Translation via DeepL:

EU fines Valve and other video game companies in the millions

The EU Commission has been investigating the business practices of six video game companies - now fines have been announced. One of the companies refused to cooperate with the Commission.

Valve and five publishers of video games are to pay fines of 7.8 million euros, according to EU competition watchdogs. As the EU Commission announced on Wednesday, EU antitrust law had been violated. Valve has become known as the developer of games such as "Half-Life" and operates the computer game platform Steam, on which tens of thousands of games from third-party manufacturers are offered.

The other companies affected are Bandai Namco, Capcom, Focus Home, Koch Media and ZeniMax, also among the better-known names in the industry. ZeniMax, for example, is the parent company of Bethesda Softworks, famous for game series such as "The Elder Scrolls" and "Fallout".

Valve's fine is reportedly more than 1.6 million euros. Unlike the fines for the other companies involved, which total more than six million euros, it has not been reduced by 10 to 15 per cent, it says: Unlike the other companies, the Steam operator had not cooperated with the EU Commission.

Of the five publishers, Focus Home has to pay the highest fine (almost 2.9 million euros), the smallest amount concerns Bandai Namco (340,000 euros).

This is what the companies are accused of
The companies are accused of preventing consumers from using purchased video games in other EU countries. Specifically, there are alleged to have been agreements which, among other things, led to activation codes - so-called keys - which are needed on Steam to unlock games, only working within certain national borders. In other words, a game purchased in countries such as Poland, Hungary or Romania might not have been activated in other EU countries and thus could not have been used, according to the criticism.

Valve itself had already emphasised in 2019 that the Commission's accusations did not refer to the sale of PC games on Steam. Instead, the commission accused the company of making so-called geoblocking possible. For this purpose, the company had made Steam keys available to game publishers and linked these keys - at the request of the respective publisher - to certain territories within the European Economic Area, it was said at the time.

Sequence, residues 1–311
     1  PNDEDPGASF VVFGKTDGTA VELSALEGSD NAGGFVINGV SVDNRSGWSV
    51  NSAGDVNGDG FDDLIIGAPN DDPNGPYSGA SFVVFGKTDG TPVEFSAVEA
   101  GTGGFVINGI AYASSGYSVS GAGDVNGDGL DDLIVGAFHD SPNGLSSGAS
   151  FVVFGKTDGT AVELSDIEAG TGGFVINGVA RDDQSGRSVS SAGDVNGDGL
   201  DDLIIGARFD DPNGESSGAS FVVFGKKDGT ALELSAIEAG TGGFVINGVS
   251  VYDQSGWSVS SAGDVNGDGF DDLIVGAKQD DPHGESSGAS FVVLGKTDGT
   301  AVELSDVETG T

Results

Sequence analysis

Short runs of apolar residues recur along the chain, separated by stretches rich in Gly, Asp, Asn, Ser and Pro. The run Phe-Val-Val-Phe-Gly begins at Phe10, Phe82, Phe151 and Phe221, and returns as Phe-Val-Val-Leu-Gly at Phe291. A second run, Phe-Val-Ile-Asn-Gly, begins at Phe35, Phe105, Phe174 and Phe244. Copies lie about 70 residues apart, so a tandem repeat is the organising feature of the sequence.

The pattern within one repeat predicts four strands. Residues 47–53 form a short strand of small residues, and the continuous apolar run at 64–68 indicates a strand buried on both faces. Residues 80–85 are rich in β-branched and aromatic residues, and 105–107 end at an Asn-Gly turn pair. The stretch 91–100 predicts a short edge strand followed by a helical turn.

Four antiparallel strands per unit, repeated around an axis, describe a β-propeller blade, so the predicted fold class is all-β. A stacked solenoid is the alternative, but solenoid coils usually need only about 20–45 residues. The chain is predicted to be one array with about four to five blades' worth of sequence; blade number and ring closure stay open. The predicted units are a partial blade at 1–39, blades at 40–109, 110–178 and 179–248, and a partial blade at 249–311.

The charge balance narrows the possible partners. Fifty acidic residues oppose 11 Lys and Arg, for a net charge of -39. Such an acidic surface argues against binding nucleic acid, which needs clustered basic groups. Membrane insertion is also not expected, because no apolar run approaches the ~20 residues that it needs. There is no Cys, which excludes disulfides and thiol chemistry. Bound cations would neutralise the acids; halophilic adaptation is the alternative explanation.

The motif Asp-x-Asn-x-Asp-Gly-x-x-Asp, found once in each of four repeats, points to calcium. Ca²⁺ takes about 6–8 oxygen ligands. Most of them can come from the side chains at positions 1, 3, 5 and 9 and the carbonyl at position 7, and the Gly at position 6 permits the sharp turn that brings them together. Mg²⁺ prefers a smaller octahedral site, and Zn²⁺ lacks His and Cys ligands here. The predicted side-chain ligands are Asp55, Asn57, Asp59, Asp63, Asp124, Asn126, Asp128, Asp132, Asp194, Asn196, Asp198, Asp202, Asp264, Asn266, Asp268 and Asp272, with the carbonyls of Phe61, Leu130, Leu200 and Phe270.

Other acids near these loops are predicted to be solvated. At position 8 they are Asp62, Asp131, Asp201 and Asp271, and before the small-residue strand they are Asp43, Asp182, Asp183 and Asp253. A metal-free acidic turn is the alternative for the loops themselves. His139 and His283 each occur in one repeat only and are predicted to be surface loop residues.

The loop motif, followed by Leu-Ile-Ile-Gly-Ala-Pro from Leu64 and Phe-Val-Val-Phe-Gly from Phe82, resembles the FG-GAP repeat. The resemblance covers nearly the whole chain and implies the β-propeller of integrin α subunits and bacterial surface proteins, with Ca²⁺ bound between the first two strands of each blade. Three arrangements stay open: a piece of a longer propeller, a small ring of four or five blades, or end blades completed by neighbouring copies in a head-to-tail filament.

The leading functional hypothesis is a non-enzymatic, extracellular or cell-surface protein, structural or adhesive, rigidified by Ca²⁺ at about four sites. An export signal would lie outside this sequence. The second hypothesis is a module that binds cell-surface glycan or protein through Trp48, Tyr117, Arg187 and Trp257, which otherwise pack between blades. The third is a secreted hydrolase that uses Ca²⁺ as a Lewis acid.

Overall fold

Due to the concerns of the EU Commission, those "region locks" were switched off in the European Economic Area from 2015, Valve said - except in cases where local legal regulations or distribution requirements made them necessary.

Around 100 games are at stake
The EU Commission's communication now says the geo-blocking practices affected around 100 PC games of different genres, including sports, simulation and action games. Consumers were prevented from activating and playing PC games purchased from the publishers' distributors. European consumers were denied the benefits of the digital single market by these commercial practices, it added, "and in particular the possibility of choosing the best offer in different Member States".

The antitrust proceedings against the companies had been initiated in February 2017. EU Competition Commissioner Margrethe Vestager commented that the fines now imposed "serve as a reminder that EU competition law prohibits companies from contractually restricting cross-border sales".

In December 2018, the so-called Geoblocking Regulation had already been applied in the EU. It prohibits online retailers from geographically restricting the use of PC games sold on physical media. In view of the different prices depending on the country, buying games in other EU countries can be quite attractive for consumers.

1 month ago*

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1 month ago
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Correct me if I'm wrong, there are 2 regions for Europe so 100 games were region-locked or priced differently in one of the 2 regions ?

1 month ago
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I think they call them belarus-region(old UdSSR states?) and the wester region(rich states like france and germany).
You can't use belarus when you are in france etc.

1 month ago
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CIS and EU regions*

1 month ago
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Belarus is not in the EU. Here we're talking about countries in the EU, there was 2 different price for games within the EU.

EU1 region countries:
Albania, Andorra, Austria, Belgium, Denmark, Finland, France, Germany, Ireland, Liechtenstein, Luxembourg, Macedonia, Netherlands, Sweden or Switzerland

EU2 region countries:
Bosnia and Herzegovina, Bulgaria, Croatia, Cyprus, Czech Republic, Greece, Hungary, Italy, Malta, Monaco, Montenegro, Poland, Portugal, Romania, San Marino, Serbia, Slovakia, Slovenia, Spain, the Vatican City, Estonia, Latvia or Lithuania

CIS region has nothing to do with this.

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What I hate about this, is that Bosnia, Serbia, Montenegro, hell even Croatia are having same prices as most of the rich countries, which is absurd.

60€ for a game, and average sallary is around 200-250 € in Bosnia

1 month ago